But today in the U.S., as elsewhere save perhaps Brazil, biofuels have no such countrywide distribution system in place. Producers generally sell directly to fueling stations, which explains why ethanol has taken root in the Midwest, center of U.S. corn production, or send it by rail to terminals to be blended with gasoline. This is far less efficient than the more consolidated gasoline distribution network.

If biofuels are to be a serious replacement for gasoline, then challenges in the distribution chain, including storing, blending and accommodating different grades of fuels, will need to be overcome. It's still uncertain if biofuels can be sent through the same pipelines used for gasoline. New pipelines may need to be built. Even dispensers at fuel stations need to be retooled for biofuels.

What's clear is that the development of an efficient biofuels market requires enormous investment in the infrastructure needed to support large-scale operations and trading. That financial commitment is difficult to justify, according to the report, when the ultimate returns and size of the market are uncertain.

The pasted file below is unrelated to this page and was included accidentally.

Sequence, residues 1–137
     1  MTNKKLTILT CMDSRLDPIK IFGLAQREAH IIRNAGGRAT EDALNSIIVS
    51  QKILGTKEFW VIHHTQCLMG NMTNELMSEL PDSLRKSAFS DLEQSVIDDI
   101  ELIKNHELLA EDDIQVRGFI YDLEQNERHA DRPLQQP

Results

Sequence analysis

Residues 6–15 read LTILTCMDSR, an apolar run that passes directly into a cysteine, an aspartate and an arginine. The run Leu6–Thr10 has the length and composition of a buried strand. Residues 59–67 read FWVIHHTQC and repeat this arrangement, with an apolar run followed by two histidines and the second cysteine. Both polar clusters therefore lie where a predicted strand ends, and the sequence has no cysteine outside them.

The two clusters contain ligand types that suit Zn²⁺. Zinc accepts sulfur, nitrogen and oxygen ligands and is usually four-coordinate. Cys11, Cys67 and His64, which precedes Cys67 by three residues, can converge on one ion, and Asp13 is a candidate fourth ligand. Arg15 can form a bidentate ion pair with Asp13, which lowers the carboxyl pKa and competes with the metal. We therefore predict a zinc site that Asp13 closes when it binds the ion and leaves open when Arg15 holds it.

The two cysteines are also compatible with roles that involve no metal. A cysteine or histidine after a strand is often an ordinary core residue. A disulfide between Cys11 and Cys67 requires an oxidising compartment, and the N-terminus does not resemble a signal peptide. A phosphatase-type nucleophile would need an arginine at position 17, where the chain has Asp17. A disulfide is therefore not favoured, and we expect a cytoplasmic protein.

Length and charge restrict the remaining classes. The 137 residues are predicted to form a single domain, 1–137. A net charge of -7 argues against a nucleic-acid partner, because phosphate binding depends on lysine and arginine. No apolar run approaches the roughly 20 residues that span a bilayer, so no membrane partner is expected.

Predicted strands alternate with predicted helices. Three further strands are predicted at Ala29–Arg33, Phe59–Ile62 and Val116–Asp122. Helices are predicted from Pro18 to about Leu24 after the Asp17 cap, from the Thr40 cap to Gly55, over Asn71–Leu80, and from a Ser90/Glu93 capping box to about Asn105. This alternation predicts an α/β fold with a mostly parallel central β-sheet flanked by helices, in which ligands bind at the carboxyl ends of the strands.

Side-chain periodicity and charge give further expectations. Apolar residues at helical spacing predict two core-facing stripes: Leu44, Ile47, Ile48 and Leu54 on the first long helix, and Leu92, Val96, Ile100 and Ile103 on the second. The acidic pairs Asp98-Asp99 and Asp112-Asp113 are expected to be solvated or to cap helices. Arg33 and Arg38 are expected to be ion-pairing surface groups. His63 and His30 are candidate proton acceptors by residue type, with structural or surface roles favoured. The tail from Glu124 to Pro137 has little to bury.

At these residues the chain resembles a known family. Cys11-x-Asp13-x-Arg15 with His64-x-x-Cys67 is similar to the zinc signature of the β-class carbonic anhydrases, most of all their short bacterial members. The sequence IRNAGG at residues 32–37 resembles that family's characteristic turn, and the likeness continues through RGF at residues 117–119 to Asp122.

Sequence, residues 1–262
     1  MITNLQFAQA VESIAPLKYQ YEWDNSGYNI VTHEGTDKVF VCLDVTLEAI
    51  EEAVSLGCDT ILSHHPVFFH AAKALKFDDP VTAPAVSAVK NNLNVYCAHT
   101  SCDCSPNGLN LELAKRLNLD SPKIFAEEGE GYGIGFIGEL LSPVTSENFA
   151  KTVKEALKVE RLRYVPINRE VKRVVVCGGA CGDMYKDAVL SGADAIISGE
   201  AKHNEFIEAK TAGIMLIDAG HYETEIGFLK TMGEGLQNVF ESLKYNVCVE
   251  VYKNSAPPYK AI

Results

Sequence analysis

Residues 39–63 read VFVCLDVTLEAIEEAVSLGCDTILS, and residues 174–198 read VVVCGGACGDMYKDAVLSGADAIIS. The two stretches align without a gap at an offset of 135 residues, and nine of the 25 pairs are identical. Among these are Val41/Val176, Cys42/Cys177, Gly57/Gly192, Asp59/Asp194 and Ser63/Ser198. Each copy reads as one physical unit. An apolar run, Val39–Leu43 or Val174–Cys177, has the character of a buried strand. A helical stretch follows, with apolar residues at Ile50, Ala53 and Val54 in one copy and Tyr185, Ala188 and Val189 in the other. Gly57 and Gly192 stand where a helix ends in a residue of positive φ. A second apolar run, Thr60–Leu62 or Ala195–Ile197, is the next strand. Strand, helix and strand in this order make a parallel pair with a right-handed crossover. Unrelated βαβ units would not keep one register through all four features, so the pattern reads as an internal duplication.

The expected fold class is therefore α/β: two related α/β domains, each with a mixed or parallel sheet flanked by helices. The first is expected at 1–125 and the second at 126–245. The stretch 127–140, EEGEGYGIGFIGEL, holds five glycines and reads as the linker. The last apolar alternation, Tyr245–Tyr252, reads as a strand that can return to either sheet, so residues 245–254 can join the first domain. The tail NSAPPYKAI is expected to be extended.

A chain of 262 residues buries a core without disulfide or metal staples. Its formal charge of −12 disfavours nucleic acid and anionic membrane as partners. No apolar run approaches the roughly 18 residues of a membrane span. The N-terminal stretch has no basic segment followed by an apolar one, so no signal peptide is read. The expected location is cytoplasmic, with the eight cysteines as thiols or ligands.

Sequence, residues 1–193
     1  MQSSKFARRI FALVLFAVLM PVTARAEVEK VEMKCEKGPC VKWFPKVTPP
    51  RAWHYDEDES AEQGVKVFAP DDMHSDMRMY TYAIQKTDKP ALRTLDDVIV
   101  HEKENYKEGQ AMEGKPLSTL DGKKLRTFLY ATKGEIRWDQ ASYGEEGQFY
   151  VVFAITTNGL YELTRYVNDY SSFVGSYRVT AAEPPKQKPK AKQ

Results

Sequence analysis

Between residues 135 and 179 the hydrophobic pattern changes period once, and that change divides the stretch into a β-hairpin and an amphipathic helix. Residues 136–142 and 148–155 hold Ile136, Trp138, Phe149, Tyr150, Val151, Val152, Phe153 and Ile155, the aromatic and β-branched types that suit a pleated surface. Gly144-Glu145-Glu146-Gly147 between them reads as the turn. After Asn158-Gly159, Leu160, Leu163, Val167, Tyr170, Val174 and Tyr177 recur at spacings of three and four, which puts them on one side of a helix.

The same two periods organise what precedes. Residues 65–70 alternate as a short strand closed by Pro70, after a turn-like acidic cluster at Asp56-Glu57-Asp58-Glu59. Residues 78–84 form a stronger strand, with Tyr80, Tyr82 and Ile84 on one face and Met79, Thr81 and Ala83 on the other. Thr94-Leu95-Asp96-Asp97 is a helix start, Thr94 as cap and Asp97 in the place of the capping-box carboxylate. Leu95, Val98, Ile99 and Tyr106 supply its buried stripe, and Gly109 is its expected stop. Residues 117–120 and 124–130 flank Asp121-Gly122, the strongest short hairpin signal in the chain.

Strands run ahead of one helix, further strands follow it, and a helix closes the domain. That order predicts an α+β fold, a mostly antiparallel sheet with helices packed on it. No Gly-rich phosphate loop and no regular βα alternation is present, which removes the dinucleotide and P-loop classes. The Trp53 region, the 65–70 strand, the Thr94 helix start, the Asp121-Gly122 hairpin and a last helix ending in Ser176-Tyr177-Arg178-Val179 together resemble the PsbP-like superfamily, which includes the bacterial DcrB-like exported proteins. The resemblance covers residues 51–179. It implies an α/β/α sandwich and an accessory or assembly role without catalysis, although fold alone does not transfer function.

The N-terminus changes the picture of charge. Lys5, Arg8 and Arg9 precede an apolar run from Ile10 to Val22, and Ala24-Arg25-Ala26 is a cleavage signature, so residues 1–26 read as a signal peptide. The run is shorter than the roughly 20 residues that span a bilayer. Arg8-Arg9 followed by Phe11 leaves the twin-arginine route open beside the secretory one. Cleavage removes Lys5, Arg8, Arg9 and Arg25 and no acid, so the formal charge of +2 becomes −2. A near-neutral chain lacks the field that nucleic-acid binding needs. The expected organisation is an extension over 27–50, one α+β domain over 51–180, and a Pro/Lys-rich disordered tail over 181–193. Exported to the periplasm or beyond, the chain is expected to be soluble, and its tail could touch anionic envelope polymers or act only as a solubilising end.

The growth of biofuels also has an enemy lurking in the distance. It's called plug-in hybrid vehicles. Plug-ins will run on electricity and be recharged through standard home or office electrical outlets. Unsurprisingly, they will pose a direct threat to the growth of biofuels when they start rolling off production lines in 2010, a widely used date that may or may not prove true.

Whether they come in 2010 or 2020, the cost per mile for plug-ins is expected to be dramatically lower than that for exclusively gasoline or biofuels-powered vehicles. For one thing, the "fuel" generation and distribution network--in this case for electricity--is already in place. That's why the Accenture report says that the biofuels market will need to become as global and efficient as possible within the next 10 years, before competing technologies become mainstream.

Still, biofuels will have their place in the global tapestry of transportation fuels. The Accenture report says they could make up 10 to 15 percent of the fuels mix in 10 to 20 years.

Biofuels will be especially attractive in developing markets, for example in Africa, where rising gasoline prices have brought real suffering and not just the cancellation of summer vacations. Developing countries could become fuel producers themselves, driving the local economy. And their weak electricity infrastructure will be an obstacle for the introduction of plug-in hybrids, not to mention the high upfront costs that go along with the early adoption of any new technology.

Copyright © 2003-08 California Cars Initiative, an activity of the International Humanities Center | Site Map